2015 Remodeling Spending Heads To Record Levels, says Harvard

CAMBRIDGE, MA -- Remodeling spending is expected to reach record levels this year with Baby Boomers and Millennials driving the bulk of the spending, according to the Joint Center for Housing Studies of Harvard University (JCHS).

“After years of declining revenue and high failure rates, the home improvement industry is, to some extent, reinventing itself,” said Kermit Baker, director of the Remodeling Futures Program at the Joint Center. “The industry is finding new ways to address emerging growth markets and rebuild its workforce to better serve an evolving customer base.”

At a high of $324 billion in 2007, the home improvement market dipped during the Great Recession to a low of $281 billion in 2011 and climbed back to nearly $300 billion in 2013 with baby boomers accounting for almost half of the remodeling spending.

JCHS cited several factors as aiding the surging home improvement market. Namely, home owners who decided to improve their houses instead of trading up to larger residences; federal and state government stimulus programs; and rental home investments by property owners.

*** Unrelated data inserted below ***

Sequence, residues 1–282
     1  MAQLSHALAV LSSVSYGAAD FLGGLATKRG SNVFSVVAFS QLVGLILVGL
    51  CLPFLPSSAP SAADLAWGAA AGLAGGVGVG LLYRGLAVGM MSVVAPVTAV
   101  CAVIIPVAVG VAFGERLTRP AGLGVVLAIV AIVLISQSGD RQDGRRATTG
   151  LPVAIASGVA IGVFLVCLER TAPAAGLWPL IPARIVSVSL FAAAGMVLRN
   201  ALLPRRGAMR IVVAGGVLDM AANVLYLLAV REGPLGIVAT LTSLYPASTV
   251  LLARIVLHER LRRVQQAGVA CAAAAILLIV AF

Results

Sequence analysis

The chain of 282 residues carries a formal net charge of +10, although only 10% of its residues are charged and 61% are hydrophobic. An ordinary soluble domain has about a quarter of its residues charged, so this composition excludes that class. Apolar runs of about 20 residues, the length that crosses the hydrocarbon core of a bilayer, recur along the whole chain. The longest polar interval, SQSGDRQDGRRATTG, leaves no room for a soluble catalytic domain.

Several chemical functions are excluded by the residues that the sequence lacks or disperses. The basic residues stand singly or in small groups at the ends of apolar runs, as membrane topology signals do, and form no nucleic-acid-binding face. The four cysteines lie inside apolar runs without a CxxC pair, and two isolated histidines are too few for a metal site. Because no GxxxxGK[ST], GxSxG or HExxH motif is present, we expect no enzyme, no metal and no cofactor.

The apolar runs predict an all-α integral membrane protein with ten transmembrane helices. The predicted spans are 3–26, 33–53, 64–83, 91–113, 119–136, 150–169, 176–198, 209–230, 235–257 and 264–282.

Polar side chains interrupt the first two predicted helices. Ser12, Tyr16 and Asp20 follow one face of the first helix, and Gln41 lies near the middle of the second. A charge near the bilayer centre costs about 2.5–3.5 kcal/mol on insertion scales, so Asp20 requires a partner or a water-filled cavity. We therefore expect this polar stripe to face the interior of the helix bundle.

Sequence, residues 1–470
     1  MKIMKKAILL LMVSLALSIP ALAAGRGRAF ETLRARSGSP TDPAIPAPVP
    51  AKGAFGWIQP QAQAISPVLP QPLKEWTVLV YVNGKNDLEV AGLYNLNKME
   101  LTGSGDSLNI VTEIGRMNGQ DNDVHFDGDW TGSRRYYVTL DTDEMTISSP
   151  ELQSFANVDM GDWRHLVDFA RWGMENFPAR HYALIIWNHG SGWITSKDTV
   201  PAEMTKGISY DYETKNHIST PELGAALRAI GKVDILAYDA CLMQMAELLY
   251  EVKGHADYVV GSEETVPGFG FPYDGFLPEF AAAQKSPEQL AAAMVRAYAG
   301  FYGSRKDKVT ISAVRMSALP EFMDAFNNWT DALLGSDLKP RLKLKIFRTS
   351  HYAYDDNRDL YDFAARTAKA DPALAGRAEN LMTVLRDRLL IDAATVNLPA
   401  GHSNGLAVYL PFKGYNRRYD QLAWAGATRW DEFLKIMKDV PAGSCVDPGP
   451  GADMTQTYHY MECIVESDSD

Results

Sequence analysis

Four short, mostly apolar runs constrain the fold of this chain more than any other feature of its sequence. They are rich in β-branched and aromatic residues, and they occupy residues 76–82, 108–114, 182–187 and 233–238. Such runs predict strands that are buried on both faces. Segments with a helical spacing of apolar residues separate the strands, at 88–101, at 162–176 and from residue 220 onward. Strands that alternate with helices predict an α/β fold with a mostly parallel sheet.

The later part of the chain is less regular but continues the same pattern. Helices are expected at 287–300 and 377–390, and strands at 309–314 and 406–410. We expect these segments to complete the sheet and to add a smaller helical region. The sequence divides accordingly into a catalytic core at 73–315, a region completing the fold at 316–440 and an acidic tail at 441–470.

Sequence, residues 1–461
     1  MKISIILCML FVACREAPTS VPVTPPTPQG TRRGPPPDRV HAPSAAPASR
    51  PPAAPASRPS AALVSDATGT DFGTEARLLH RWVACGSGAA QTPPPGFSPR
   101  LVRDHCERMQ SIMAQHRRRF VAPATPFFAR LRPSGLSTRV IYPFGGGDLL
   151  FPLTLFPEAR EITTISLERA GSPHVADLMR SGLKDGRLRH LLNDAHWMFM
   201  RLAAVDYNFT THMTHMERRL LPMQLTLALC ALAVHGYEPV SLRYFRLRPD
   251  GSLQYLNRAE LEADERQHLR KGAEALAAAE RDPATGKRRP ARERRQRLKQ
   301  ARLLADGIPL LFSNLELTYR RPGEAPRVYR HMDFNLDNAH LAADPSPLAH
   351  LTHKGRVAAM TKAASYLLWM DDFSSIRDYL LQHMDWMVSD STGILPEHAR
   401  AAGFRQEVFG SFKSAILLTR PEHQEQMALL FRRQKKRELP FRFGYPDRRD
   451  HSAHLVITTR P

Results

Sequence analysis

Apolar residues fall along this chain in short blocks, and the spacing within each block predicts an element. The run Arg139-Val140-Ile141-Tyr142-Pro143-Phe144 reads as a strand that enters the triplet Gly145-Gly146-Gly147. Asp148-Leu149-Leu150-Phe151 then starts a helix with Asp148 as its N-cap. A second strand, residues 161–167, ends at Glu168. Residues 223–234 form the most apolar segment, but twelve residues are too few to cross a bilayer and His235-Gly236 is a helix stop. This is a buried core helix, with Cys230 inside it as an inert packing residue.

Millennials are also expected to be a key part of the continual growth of the market.

“The millennials’ increasing presence in the rental market has already helped to lift improvement spending in that segment,” says Chris Herbert, managing director of the Joint Center. “It’s only a matter of time before this generation becomes more active in the housing market, supporting stronger growth in home improvement spending for decades to come.”

Additional opportunities for growth in remodeling include: sustainable home improvement projects and the fact that 3.6 million single-family homes that became rental property as a result of forclosures during the Great Recession will likely need maintenance work.




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